Why does Reverend Skyes tell Scout to “stand up”?
Towards the end of chapter 21, Judge Taylor reads Tom Robinson's guilty verdict and Scout describes the atmosphere as having a dreamlike quality. She watches as her father gets up to leave the courtroom and feels somebody punching her arm. Scout then looks up and notices that the entire balcony of black citizens is standing up as Atticus walks down the middle aisle toward the south exit. Reverend Sykes then tells Scout,
"Miss Jean Louise, stand up. Your father’s passin‘" (Lee, 215).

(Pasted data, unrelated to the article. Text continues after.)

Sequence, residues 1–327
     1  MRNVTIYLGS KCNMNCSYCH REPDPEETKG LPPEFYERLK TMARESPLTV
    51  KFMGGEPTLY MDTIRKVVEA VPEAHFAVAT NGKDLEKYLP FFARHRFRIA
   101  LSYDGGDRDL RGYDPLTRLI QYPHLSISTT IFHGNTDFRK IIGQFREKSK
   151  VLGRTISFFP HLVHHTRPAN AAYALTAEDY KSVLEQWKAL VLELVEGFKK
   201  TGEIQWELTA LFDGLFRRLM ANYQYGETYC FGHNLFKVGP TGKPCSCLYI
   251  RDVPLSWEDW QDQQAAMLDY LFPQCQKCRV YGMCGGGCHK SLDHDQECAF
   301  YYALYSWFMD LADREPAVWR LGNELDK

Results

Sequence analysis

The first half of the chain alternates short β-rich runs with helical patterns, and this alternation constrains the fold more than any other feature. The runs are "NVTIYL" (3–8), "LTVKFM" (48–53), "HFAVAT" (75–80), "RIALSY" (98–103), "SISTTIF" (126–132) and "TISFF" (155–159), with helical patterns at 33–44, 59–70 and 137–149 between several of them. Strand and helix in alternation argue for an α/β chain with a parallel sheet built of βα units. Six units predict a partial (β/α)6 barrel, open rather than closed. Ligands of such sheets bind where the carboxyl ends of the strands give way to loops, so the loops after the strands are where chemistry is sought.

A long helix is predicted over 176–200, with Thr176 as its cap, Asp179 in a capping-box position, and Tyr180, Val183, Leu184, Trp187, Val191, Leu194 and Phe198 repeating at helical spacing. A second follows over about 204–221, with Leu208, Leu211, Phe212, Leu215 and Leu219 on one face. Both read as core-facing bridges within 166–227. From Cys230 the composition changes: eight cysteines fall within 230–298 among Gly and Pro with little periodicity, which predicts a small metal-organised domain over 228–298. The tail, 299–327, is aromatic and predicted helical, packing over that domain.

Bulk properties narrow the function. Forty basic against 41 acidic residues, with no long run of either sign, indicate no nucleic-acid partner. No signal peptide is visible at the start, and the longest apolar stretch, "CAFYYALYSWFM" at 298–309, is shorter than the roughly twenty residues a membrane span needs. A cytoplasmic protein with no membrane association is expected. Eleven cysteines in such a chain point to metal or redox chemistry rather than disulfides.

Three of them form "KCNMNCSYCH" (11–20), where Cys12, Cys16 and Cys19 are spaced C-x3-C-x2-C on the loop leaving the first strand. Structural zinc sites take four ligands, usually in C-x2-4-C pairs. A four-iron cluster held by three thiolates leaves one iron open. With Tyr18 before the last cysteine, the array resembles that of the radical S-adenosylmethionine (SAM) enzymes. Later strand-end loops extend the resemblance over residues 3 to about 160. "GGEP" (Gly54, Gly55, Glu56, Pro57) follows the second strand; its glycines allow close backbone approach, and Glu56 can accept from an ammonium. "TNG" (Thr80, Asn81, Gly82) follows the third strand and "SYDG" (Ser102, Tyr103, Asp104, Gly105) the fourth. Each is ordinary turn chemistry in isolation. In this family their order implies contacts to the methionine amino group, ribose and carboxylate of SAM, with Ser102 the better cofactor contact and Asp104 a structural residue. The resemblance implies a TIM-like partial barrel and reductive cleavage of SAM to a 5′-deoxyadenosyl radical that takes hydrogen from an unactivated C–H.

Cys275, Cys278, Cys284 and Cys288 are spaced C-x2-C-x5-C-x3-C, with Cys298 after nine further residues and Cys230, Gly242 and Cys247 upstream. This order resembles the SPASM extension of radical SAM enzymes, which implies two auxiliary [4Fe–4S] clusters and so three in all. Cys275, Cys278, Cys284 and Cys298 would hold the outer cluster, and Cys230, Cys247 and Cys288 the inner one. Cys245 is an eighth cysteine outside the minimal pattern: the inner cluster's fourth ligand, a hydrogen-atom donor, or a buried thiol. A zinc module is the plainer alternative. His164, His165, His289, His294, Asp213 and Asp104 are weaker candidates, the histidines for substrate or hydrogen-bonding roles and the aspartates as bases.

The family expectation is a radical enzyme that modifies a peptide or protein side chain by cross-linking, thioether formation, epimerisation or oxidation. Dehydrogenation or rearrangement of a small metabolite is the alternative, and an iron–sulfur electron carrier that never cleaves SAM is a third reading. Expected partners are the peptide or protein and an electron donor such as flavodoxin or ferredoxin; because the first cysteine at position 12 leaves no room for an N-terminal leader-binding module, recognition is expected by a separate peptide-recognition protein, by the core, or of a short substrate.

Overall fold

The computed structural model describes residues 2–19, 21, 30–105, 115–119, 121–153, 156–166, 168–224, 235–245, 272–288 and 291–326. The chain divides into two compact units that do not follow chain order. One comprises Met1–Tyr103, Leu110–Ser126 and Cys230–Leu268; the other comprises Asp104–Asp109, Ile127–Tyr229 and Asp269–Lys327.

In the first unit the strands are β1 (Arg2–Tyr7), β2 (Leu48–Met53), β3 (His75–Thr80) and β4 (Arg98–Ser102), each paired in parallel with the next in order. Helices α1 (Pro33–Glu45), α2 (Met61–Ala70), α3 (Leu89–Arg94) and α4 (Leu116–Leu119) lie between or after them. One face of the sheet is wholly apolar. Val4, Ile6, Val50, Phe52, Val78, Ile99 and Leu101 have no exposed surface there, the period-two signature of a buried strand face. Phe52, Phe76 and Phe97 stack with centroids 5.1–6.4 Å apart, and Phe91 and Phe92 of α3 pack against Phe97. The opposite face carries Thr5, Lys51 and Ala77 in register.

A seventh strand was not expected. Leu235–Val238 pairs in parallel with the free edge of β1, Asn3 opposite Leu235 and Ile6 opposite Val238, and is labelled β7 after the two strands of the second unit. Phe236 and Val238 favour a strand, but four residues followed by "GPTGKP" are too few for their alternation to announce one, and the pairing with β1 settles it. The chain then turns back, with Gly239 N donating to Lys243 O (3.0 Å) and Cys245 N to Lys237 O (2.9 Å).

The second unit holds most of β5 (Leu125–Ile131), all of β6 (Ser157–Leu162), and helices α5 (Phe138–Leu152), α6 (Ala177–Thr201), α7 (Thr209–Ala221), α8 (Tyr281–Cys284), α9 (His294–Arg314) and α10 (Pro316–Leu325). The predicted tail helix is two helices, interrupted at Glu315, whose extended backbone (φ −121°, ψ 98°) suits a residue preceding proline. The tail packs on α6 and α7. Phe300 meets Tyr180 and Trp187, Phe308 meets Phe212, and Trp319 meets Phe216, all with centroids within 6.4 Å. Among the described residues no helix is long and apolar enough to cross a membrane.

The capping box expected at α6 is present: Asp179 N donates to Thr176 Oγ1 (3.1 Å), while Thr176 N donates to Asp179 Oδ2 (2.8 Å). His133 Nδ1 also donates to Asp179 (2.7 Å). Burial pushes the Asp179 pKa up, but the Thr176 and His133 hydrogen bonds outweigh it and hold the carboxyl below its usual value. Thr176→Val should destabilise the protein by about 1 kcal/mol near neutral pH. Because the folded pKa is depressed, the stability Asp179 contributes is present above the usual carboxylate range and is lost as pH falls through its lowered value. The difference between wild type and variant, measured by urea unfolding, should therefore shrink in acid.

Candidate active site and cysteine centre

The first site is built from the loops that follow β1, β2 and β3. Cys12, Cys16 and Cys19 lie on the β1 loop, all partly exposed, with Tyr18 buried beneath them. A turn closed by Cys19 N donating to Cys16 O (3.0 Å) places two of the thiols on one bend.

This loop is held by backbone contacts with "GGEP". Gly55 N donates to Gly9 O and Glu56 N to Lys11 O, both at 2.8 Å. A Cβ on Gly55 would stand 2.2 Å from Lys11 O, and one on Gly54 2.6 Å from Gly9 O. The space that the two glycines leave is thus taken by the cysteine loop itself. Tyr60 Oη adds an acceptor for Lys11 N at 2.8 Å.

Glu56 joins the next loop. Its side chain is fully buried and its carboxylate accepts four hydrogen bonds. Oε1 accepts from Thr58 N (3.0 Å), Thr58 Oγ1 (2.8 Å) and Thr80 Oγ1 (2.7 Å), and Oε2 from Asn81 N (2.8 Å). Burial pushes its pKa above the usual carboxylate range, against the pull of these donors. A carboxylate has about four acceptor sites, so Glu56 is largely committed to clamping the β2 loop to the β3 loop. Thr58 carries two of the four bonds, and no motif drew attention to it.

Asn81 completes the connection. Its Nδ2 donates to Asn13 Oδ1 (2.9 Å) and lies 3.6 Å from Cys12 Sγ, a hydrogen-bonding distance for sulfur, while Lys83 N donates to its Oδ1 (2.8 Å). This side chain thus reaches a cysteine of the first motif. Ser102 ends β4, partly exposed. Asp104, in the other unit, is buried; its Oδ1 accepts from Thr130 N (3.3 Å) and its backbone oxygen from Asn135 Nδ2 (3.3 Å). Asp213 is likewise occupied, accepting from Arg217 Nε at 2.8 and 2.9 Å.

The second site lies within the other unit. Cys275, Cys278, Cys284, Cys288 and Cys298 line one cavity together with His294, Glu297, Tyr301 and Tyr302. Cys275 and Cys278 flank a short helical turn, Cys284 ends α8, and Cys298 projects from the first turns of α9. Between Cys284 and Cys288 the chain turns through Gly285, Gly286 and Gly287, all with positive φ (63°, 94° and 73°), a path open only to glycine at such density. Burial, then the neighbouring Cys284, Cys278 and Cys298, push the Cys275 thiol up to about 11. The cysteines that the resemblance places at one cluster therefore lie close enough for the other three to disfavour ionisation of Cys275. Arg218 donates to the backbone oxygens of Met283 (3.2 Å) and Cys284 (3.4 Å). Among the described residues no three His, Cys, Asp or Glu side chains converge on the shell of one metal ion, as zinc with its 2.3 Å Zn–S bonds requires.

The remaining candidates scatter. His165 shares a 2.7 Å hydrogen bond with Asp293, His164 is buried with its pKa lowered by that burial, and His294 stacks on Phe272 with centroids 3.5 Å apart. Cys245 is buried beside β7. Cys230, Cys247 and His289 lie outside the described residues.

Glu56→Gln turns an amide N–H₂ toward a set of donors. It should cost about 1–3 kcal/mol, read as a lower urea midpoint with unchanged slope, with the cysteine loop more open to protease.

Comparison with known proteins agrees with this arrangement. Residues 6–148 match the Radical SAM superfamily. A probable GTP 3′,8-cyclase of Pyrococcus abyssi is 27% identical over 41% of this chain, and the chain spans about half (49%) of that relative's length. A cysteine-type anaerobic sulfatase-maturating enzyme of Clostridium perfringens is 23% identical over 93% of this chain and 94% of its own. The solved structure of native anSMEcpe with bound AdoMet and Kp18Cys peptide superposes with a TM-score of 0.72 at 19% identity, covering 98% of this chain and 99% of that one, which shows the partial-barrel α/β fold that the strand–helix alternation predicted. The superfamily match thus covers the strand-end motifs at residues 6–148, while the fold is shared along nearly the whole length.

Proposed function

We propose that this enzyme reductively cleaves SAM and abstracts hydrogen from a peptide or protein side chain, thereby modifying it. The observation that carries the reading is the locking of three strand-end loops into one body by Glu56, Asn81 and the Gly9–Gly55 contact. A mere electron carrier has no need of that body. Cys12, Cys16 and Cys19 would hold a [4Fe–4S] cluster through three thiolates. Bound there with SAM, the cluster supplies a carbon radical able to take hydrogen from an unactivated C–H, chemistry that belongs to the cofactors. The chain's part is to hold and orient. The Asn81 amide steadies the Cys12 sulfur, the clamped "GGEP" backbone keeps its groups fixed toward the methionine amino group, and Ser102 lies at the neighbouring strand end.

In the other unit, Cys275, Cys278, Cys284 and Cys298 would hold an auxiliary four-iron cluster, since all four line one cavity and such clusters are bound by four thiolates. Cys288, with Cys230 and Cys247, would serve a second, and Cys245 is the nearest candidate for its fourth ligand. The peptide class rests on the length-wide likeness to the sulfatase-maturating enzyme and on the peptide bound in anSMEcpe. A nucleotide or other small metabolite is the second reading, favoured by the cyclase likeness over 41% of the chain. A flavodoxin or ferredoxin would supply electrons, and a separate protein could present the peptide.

Reverend Sykes tells Scout to stand for her father to show respect for his valiant defense of Tom Robinson. Reverend Sykes and the rest of the black community respect and admire Atticus for defending Tom in front of the prejudiced jury, which is a challenging task. The reason they stand is to show Atticus that they appreciate and respect him for defending one of their community members. Reverend Sykes has to tell Scout to stand for her father because she is distracted and unaware of the importance of her father's groundbreaking defense.